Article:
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Maryland’s Tree for All Seasons

Please don’t crape murder it

I find crape myrtle 10 times more attractive than white birch trees, which we in New Hampshire consider a weed but Marylanders insist on trying to grow against the odds. It is a waste of time and money to plant white birch in southern Maryland because the summers are too hot and the winters do not provide sufficient cold to satisfy the tree’s dormancy needs. We have the ideal climate to grow crape myrtle, a tree (or shrub) that adds so much to any landscape.
    Once a crape myrtle has achieved its desired size and shape, it requires little pruning other than removing suckers from the roots and sprouts growing from the lower parts of the stems. Until the crape myrtle has achieved its desired size, pruning should be limited to removing only undesirable branches smaller than a pencil in diameter. Crape myrtles do not need much attention to produce an abundance of flower clusters, which appear in mid-summer when most trees and shrubs have nothing more to offer than green. And crape myrtles come in nearly all colors of the rainbow.
    Dr. Don Egolf, former plant breeder at the National Arboretum, developed powdery mildew-resistant and hardier varieties of crape myrtles. Any variety with a native American name is a result of his efforts. Other plant breeders have furthered his work in developing the dwarf and semi-dwarf varieties, so you can choose the size crape myrtle that’s right for your space, from shrubs only a few feet tall to small trees. If a small or medium crape myrtle is desired, select from the many dwarf and semi-dwarf varieties now available.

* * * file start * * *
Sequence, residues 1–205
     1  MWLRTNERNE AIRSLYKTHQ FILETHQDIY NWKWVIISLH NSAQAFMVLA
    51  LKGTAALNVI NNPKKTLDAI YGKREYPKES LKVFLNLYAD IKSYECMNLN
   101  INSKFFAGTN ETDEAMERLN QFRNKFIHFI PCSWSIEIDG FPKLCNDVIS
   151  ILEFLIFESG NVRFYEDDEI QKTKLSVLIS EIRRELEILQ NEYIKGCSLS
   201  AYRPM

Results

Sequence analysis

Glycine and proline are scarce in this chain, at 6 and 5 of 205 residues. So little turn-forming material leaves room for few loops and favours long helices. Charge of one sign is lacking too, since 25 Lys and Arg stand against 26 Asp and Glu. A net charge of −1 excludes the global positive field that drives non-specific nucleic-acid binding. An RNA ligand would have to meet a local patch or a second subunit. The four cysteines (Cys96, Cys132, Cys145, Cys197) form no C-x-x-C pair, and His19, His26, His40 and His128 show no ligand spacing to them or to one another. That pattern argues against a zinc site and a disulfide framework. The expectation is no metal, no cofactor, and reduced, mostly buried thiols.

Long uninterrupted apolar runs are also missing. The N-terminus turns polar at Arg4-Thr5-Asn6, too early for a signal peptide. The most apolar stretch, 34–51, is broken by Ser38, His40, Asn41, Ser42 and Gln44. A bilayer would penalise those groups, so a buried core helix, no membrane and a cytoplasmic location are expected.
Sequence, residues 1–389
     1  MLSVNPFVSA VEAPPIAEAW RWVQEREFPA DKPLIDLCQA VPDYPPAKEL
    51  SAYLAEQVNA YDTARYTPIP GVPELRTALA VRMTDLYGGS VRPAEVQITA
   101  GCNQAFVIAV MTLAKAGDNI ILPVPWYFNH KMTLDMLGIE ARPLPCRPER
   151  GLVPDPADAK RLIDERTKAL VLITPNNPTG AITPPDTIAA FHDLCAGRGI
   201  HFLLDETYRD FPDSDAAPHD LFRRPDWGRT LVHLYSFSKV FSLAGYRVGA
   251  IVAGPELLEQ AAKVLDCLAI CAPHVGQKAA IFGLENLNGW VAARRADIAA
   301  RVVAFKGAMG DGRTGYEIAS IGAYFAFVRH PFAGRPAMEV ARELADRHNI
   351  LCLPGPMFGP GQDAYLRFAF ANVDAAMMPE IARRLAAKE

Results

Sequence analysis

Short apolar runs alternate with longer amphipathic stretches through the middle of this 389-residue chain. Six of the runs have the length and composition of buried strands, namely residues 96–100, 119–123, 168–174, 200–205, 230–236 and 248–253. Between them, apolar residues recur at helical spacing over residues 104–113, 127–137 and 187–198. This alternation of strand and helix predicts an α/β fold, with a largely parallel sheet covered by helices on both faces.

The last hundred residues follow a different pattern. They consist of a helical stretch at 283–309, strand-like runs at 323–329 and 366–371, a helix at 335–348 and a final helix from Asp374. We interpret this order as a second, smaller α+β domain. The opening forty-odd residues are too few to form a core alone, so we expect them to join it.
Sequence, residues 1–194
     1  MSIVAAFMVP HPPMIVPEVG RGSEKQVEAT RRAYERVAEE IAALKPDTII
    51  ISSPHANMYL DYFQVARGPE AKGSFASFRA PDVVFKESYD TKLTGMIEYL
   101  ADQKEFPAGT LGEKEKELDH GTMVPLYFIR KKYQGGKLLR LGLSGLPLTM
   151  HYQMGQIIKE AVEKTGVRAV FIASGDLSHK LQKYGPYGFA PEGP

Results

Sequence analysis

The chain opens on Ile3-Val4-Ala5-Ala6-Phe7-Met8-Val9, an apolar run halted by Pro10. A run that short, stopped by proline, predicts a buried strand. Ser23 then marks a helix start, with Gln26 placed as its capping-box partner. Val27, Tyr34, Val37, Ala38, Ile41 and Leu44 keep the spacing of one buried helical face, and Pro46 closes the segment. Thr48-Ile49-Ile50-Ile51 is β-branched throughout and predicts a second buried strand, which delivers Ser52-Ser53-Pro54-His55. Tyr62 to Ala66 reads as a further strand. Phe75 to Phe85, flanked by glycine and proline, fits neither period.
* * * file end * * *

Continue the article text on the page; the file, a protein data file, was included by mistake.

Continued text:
Do not commit crape murder, cutting the plant’s branches back to polled stumps. A main attraction of the tree is its vase-shaped habit of growth with colorful shaggy bark and twiggy branches that add interest to winter landscapes. I enjoy watching the finches attack the seedpods in late fall and early winter. These attractive features are lost when you murder crape myrtle.


Growing Paw Paw

Q    About 10 years ago, we planted two paw paw trees. I believe that one is male and one female. For the past two years, one has produced flowers and tiny fruit. Then they all fall off the tree. Do you know if there is a reason for this problem and if I can do anything about it?

–Deborah Unitus, Millersville

A    Did you purchase seedlings from a nursery, or did you dig seedlings from the wild? Paw paw does not have male and female plants. The flowers on paw paws carry both sexes.
    If the plants have been in the ground for 10 years they must be about 20 feet tall. Are they growing in full sun or in partial shade or heavy shade? Paw paws are an understory plant that performs best growing in light shade. Paw paws also perform best when planted in moist soils. They are not drought-tolerant, and lack of water will cause them to drop their fruit. Are your plants being irrigated during periods of drought?